This randomized controlled pilot study (n=26) investigated the effect of ketamine on resting-state functional connectivity (RSFC) between amygdala and medial prefrontal cortex (mPFC) subregions. Contrary to expectations, ketamine did not increase RSFC between these areas but instead led to a transient decrease in vmPFC-amygdala RSFC in individuals with PTSD. These results challenge prior correlations and suggest a need for further exploration and a more nuanced understanding of the neurobiological basis of dissociative phenomena in PTSD.
Abstract of Effects of a dissociative drug on fronto-limbic resting-state functional connectivity in individuals with posttraumatic stress disorder: a randomized controlled pilot study
“Rationale A subanesthetic dose of ketamine, a non-competitive N-methyl-D-aspartate glutamate receptor (NMDAR) antagonist, elicits dissociation in individuals with posttraumatic stress disorder (PTSD), who also often sufer from chronic dissociative symptoms in daily life. These debilitating symptoms have not only been linked to worse PTSD trajectories, but also to increased resting-state functional connectivity (RSFC) between medial prefrontal cortex (mPFC) and amygdala, supporting the conceptualization of dissociation as emotion overmodulation. Yet, as studies were observational, causal evidence is lacking.
Objectives The present randomized controlled pilot study examines the efect of ketamine, a dissociative drug, on RSFC between mPFC subregions and amygdala in individuals with PTSD.
Methods Twenty-six individuals with PTSD received either ketamine (0.5mg/kg; n = 12) or the control drug midazolam (0.045mg/kg; n = 14) during functional magnetic resonance imaging (fMRI). RSFC between amygdala and mPFC subregions, i.e., ventromedial PFC (vmPFC), dorsomedial PFC (dmPFC) and anterior-medial PFC (amPFC), was assessed at baseline and during intravenous drug infusion.
Results Contrary to pre-registered predictions, ketamine did not promote a greater increase in RSFC between amygdala and mPFC subregions from baseline to infusion compared to midazolam. Instead, ketamine elicited a stronger transient decrease in vmPFC-amygdala RSFC compared to midazolam.
Conclusions A dissociative drug did not increase fronto-limbic RSFC in individuals with PTSD. These preliminary experimental fndings contrast with prior correlative fndings and call for further exploration and, potentially, a more diferentiated view on the neurobiological underpinning of dissociative phenomena in PTSD.”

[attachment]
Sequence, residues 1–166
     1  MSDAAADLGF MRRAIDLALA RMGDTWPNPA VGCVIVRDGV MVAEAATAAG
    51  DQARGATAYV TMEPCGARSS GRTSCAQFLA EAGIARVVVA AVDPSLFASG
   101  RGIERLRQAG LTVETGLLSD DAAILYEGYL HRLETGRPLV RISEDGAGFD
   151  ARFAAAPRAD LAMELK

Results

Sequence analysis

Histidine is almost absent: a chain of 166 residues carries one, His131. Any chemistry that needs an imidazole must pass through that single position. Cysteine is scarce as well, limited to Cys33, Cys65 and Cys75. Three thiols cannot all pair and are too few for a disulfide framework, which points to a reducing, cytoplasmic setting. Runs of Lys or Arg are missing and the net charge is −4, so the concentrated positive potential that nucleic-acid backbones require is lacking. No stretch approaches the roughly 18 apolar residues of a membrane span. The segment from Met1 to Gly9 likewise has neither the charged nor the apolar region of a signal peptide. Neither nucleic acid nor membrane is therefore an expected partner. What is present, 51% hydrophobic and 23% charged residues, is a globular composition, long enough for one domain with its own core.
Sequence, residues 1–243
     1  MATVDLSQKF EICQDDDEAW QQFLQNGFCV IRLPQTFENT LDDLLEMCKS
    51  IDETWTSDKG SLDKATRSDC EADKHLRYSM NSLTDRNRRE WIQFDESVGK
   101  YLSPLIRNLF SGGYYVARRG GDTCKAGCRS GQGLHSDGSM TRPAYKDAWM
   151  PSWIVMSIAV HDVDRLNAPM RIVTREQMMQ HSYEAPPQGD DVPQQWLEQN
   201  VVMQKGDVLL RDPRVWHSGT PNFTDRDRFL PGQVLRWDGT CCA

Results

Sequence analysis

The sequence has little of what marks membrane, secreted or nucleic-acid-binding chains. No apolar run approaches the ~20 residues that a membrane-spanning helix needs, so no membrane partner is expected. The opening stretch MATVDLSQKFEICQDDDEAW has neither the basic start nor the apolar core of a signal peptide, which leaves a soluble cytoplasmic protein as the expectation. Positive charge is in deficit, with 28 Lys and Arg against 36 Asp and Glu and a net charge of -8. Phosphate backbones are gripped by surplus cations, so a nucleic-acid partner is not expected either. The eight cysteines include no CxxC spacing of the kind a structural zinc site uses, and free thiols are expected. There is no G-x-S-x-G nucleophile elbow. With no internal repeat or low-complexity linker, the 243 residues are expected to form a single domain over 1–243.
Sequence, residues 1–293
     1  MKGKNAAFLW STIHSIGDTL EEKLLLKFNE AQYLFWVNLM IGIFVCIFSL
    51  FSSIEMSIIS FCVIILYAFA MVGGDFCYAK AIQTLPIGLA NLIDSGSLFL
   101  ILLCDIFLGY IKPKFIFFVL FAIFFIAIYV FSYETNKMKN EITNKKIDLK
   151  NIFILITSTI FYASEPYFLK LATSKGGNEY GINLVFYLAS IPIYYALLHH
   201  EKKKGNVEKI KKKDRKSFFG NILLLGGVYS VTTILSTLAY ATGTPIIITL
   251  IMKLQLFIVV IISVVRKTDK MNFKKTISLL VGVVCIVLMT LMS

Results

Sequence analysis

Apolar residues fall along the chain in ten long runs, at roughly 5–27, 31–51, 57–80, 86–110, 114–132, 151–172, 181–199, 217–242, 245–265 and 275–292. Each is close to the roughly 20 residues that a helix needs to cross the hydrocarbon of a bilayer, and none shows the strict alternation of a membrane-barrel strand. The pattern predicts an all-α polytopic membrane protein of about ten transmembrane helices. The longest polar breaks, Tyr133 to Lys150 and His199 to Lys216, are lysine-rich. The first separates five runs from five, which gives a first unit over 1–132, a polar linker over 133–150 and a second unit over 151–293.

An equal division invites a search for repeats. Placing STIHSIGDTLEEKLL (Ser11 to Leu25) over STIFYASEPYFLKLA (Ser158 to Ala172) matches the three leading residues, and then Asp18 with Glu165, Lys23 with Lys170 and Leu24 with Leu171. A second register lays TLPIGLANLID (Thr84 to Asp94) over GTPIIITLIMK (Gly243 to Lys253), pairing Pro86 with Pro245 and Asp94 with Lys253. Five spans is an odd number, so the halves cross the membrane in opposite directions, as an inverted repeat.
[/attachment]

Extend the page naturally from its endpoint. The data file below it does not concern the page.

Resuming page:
Authors: Sarah K. Danböck, Or Duek, Ziv Ben‑Zion, Nachshon Korem, Shelley L. Amen, Ben Kelmendi, Frank H. Wilhelm, Ifat Levy & Ilan Harpaz‑Rotem
Summary of Effects of a dissociative drug on fronto-limbic resting-state functional connectivity in individuals with posttraumatic stress disorder: a randomized controlled pilot study
Ketamine, a non-competitive N-methyl-D-aspartate glutamate receptor (NMDAR) antagonist, induces dissociation in healthy and clinical populations. The present study focuses on ketamine administered at 0.5mg/kg over 40 min, a subanesthetic dose and infusion time frequently studied in individuals with psychiatric disorders.
Ketamine-induced dissociation psychometrically resembles chronic dissociative symptoms experienced by many individuals with PTSD, and is also associated with a unique neural profile. The dissociative subtype of PTSD is characterized by emotion overmodulation mediated by increased prefrontal activation and limbic hypoactivation during symptom provocation, and a predominant “top-down” connectivity, from the ventromedial PFC to the amygdala, as opposed to a more “bottom-up” connectivity in PTSD individuals without dissociative symptoms. All studies were observational by nature and relied on group comparisons between individuals with and without dissociative symptoms. Therefore, experimental induction of dissociation is indispensable to draw conclusions.
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Danböck, S. K., Duek, O., Ben-Zion, Z., Korem, N., Amen, S. L., Kelmendi, B., ... & Harpaz-Rotem, I. (2023). Effects of a dissociative drug on fronto-limbic resting-state functional connectivity in individuals with posttraumatic stress disorder.